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Sending Emails With Yagmail

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In the past lessons you had to write a lot of boilerplate code to send emails the way you wanted. In this lesson, you’ll meet Yagmail, which is a Python library created to interact with Gmail accounts and making it a lot easier to send emails via Python by writing less code.

Note: Don’t forget to install it via pip install yagmail

00:00 By now you know how to use Python to send all sorts of email, which is really cool. Automating sending emails is a great way to use the language. While smtplib does most of the heavy lifting dealing with the SMTP protocol, you may have noticed that for each project we’ve had to repeat many lines of code over and over and they’re the same from project to project. To avoid this, there are some libraries out there that are configured to work specifically with each type of email provider. In this video, you’re going to learn how to use Yagmail, which is configured to work with Gmail.

00:33 If you’re using a different email provider, you may need to look up a library for that specific one. And if there isn’t one, maybe you can write one yourself!

00:41 So, because this doesn’t come with Python, before you can use it, you need to pip install yagmail.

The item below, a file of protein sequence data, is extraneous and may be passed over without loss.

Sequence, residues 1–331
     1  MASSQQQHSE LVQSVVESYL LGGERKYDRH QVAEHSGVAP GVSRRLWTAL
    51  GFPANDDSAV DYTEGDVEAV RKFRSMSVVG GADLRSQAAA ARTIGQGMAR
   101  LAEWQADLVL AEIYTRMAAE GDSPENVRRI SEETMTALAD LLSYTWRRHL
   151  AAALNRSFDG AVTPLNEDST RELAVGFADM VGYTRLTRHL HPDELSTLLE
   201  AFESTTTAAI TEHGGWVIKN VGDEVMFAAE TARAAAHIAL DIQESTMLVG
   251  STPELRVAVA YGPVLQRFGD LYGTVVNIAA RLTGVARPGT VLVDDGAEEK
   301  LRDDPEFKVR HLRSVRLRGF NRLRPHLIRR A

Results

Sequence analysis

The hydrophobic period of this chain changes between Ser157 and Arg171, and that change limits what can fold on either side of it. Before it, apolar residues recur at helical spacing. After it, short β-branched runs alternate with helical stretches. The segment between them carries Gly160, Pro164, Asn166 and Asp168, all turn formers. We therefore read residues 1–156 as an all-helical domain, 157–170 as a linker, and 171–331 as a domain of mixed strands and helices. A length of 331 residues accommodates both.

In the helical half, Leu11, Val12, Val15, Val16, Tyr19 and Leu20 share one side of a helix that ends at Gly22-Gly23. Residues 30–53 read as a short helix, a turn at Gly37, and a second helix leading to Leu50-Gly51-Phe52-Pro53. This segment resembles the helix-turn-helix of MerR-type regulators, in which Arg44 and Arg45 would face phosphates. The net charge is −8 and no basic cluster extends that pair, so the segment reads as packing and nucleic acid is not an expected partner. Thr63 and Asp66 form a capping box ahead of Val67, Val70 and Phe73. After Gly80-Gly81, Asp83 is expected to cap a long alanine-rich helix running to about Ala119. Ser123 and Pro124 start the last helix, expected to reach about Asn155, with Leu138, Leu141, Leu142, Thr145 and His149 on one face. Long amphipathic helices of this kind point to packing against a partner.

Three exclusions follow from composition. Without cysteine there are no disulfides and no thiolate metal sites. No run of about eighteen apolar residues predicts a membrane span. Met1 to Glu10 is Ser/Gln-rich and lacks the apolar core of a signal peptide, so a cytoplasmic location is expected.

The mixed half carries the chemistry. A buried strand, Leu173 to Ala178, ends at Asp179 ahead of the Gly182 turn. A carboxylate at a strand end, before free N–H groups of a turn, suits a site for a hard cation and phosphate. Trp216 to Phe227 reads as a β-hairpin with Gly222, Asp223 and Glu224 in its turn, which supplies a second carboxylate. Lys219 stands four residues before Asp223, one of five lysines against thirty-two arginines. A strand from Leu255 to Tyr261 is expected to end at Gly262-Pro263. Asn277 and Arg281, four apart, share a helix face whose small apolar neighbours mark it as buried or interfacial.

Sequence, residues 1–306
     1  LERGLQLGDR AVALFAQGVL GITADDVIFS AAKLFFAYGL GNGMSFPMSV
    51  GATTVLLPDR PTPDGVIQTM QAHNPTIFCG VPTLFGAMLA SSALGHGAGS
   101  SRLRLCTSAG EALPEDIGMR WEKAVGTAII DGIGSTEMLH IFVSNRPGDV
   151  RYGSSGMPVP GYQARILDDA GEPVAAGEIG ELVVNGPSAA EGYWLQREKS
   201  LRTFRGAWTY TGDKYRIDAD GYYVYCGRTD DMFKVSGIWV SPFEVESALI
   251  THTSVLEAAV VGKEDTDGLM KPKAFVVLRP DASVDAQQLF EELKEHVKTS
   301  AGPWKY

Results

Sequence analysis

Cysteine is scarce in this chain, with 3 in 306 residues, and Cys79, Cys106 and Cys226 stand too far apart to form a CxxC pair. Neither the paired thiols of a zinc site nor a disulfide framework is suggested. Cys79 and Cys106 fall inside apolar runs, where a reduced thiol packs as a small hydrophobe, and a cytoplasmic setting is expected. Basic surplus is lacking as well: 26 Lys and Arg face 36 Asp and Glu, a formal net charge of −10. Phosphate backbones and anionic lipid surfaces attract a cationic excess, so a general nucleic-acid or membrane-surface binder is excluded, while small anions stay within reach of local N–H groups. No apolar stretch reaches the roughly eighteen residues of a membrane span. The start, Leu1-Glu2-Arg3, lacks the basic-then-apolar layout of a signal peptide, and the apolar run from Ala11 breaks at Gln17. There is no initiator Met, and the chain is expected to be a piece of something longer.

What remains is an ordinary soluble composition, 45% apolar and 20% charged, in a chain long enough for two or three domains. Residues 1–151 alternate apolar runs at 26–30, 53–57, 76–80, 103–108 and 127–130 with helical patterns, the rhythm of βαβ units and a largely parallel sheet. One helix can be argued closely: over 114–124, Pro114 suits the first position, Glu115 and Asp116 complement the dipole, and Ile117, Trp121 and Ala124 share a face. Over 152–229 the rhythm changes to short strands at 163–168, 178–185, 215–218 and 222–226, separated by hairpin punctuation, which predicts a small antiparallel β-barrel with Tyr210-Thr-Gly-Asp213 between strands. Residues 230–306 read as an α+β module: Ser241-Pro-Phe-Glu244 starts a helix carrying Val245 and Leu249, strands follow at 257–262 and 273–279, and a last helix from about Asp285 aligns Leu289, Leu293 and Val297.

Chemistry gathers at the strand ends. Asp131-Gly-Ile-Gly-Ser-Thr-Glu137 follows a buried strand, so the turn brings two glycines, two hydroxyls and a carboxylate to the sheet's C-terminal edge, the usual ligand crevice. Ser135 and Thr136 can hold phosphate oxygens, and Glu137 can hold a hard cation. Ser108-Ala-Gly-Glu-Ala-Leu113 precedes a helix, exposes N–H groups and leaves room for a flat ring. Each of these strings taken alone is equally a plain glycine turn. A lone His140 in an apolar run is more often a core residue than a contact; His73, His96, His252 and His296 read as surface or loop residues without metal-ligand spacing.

00:53 There we go. Collected and installed, so I can close this out. All right. So, import yagmail. You don’t need any of the smtplib stuff here.

01:03 Set a receiver equal to where you want the email to go.

01:11 And for the body of the email, I’m just going to make this very simple, so just something like 'Hello from Yagmail!'. Well, you know what? Let’s send that Cookie picture as well.

01:25 We’re going to send an attachment with the email. Here’s where Yagmail really comes into play. You’re going to make a variable called yag, and you’re going to set this equal to yagmail.SMTP().

01:38 And we want this to come from the sender email, which in my case is 'thecatinthehacks'.

01:48 And now you can just call

01:52 .send() on yag. You want to send this to the receiver. You want the subject to be—let’s say something like 'Yagmail test with attachment'.

02:10 The contents set equal to the body. And for attachments let’s just send in filename. And that’s literally it. This yagmail, this line right here, is opening that connection, doing all the SSL encryption.

02:28 It knows where Gmail’s SMTP host is, what port to go to. You contain everything in one line of code, basically. And then when you call .send() on that, this is pretty similar to the other emails that we’ve sent except for attachments—you just have to pass in the filename.

02:45 It knows that you want to load up that file, convert it to base64, and attach it. So this is really fun to use. Let’s save this, open up your terminal, and try to run it!

03:00 Okay. You can see I didn’t even have to put in an input() for the password. It knows that it needs the password for this email account.